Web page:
Travel within Uganda is relatively straight forward, most major roads being in good or reasonable condition. Once off the major roads conditions are more difficult and 4 x4 vehicles are recommended.
Officially named The Republic of Uganda, headed by the President guided by the republican constitution. Voting qualifications are universal but for those above 18 years of age.
Consistently ranked among Africa’s fastest growing economies since 1986, Uganda has experienced a steady expansion infrastructure, and a corresponding increase in international tourist arrivals and upmarket facilities. Uganda Shillings is the local currency but it is advisable to carry American dollars (the series should not be less than the year 2000) or Traveler’s cheques or any more hard currency. There are numerous Forex bureau and banks in the capital and the man towns. Credit cards are accepted in major hotels and restaurants, but generally it is best to carry cash upcountry.
The climate is good in Uganda all year round, day time temperatures generally hovering between 24 -28C. It cools down considerably at night, enough for a jersey but woolens are not necessary. The rains come twice a year, in October/November (short rains) and mid- March to end of May. Rainy season is no reason to postpone travel however, as generally it rains for an hour and the rest of the day is clear and sunny.
Visas are now necessary for most Nationals and should be obtained prior to travel .You can also get a visa upon arrival at the airport.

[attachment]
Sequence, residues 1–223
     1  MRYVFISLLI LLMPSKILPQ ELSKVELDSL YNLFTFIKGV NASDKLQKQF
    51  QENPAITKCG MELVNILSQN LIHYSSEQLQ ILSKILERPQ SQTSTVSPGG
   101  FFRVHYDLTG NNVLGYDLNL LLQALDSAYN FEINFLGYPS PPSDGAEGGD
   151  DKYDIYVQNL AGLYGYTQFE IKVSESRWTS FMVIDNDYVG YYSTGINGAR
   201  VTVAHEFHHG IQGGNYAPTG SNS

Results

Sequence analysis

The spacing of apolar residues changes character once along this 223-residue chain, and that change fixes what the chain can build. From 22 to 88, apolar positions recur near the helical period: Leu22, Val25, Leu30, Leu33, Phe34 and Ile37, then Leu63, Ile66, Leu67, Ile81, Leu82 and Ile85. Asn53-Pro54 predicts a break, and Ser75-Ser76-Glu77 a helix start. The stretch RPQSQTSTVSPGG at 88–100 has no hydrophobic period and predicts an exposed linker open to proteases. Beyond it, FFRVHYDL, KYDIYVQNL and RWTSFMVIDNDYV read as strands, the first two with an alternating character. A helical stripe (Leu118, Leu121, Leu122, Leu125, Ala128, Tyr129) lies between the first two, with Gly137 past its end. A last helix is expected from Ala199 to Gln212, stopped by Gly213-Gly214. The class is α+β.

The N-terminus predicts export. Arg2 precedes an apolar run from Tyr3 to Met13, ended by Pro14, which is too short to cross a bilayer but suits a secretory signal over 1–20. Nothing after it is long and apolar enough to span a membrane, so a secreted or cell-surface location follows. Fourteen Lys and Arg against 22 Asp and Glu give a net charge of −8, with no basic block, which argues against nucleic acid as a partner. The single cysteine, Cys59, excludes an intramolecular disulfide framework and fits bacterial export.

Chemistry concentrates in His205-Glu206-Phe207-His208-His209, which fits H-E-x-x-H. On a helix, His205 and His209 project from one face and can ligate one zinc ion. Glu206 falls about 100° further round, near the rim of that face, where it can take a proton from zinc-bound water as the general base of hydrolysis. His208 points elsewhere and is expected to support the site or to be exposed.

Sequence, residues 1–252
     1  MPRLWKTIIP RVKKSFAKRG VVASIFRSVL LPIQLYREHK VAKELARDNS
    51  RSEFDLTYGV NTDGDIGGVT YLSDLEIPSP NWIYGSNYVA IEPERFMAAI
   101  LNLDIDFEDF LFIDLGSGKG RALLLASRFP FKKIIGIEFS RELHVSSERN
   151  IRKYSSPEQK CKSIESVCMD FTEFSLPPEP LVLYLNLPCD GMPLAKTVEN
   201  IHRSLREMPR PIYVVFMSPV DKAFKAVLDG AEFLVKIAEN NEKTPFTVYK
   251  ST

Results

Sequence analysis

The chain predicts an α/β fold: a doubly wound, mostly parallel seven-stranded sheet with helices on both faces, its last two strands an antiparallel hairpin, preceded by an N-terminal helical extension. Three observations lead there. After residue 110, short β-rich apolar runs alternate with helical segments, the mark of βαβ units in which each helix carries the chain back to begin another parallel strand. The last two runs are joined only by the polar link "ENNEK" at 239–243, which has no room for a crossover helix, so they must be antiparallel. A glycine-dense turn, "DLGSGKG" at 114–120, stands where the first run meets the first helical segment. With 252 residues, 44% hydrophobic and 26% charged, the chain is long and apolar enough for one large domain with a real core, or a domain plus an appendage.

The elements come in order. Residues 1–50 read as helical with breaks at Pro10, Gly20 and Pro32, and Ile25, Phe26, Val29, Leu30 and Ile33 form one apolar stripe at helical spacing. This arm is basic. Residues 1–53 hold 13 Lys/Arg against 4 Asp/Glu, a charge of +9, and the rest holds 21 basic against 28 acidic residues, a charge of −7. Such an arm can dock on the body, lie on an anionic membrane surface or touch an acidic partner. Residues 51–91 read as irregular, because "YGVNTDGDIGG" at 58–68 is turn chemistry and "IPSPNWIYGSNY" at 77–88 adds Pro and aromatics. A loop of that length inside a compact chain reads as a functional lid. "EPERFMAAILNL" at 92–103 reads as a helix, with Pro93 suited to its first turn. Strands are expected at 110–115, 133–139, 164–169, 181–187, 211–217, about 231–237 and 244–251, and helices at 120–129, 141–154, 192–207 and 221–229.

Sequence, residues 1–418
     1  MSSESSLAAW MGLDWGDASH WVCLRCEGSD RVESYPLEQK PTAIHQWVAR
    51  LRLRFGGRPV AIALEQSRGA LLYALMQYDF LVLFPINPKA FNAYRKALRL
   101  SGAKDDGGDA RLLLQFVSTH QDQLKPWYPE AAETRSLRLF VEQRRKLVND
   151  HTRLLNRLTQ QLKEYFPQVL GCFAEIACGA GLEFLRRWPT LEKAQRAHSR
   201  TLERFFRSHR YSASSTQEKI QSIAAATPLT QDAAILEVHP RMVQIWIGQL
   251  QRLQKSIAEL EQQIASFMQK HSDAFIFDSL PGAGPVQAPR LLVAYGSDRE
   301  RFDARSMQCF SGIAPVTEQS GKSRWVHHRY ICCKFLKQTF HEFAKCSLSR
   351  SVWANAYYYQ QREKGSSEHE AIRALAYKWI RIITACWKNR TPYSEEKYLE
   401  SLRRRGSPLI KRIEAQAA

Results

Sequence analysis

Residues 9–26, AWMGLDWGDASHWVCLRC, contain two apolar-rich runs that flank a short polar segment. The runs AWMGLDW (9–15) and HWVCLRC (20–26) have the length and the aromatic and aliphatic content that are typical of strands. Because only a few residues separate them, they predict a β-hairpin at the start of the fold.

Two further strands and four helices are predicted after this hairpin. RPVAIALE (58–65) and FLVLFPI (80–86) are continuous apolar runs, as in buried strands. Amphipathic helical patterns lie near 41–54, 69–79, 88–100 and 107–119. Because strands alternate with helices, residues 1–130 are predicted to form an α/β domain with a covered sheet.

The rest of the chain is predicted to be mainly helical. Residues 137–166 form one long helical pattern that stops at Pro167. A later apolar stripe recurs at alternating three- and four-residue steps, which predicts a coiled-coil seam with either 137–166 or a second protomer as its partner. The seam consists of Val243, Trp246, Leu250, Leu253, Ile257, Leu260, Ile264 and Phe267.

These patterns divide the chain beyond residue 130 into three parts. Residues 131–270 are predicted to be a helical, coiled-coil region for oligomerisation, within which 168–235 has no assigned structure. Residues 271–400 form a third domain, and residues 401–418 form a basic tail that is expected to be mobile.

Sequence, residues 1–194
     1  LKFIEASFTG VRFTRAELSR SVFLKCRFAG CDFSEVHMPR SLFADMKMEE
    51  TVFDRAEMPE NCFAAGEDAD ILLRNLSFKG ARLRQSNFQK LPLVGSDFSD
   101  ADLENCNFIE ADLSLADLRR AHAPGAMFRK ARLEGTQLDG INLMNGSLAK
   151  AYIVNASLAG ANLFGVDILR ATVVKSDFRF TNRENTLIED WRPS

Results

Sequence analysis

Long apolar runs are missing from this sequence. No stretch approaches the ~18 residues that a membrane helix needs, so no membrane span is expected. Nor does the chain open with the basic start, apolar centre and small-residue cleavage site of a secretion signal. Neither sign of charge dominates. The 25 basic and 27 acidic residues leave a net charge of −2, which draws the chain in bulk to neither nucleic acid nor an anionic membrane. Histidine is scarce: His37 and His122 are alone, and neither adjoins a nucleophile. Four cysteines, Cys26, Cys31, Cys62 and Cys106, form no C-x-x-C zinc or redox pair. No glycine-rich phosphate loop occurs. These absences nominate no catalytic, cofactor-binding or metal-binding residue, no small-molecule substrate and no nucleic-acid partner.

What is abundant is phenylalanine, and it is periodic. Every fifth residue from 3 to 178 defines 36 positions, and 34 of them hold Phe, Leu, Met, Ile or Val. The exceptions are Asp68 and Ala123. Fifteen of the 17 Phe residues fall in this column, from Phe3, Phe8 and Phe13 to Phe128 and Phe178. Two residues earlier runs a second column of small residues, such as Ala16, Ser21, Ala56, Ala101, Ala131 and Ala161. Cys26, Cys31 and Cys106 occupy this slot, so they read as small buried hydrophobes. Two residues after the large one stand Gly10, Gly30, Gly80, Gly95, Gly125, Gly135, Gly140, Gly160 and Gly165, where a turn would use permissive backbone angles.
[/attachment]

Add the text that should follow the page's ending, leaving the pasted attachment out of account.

Yellow Fever vaccinations are mandatory, and we recommend anti – malarial tablets, especially during the rainy season. Most prescription drugs can be bought affordably and with ease over the counter in Kampala. Personal Insurance is advised.
English, Luganda and many local dialects. Swahili is also widely spoken and understood.
Safari attire is casual and comfortable. Light clothing, hats, sturdy shoes, long sleeve shirts for evening. Sweatshirt or fleece for evenings upcountry. Uganda’s position on the equator suggests a need for sun cream. Women in rural towns may feel more comfortable wearing clothing that covers their knees and shoulders, but this is not mandatory. It’s usually hot by midday, but evenings are always pleasant.
National Holidays: 1st January, 26th January, 8th March, Good Friday, Easter Monday, 1st May, 3rd June, 9th June, 9th October, 25th & 26th December.